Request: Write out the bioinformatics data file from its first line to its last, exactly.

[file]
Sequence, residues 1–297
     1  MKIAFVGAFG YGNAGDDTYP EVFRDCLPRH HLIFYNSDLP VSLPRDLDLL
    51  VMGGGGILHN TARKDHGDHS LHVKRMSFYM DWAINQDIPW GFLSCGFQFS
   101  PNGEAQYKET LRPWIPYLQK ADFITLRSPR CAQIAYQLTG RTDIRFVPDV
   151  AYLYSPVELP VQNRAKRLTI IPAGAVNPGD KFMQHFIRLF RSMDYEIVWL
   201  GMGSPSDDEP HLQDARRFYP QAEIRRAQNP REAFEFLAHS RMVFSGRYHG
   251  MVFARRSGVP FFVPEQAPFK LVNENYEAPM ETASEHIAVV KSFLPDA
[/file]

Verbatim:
Sequence, residues 1–297
     1  MKIAFVGAFG YGNAGDDTYP EVFRDCLPRH HLIFYNSDLP VSLPRDLDLL
    51  VMGGGGILHN TARKDHGDHS LHVKRMSFYM DWAINQDIPW GFLSCGFQFS
   101  PNGEAQYKET LRPWIPYLQK ADFITLRSPR CAQIAYQLTG RTDIRFVPDV
   151  AYLYSPVELP VQNRAKRLTI IPAGAVNPGD KFMQHFIRLF RSMDYEIVWL
   201  GMGSPSDDEP HLQDARRFYP QAEIRRAQNP REAFEFLAHS RMVFSGRYHG
   251  MVFARRSGVP FFVPEQAPFK LVNENYEAPM ETASEHIAVV KSFLPDA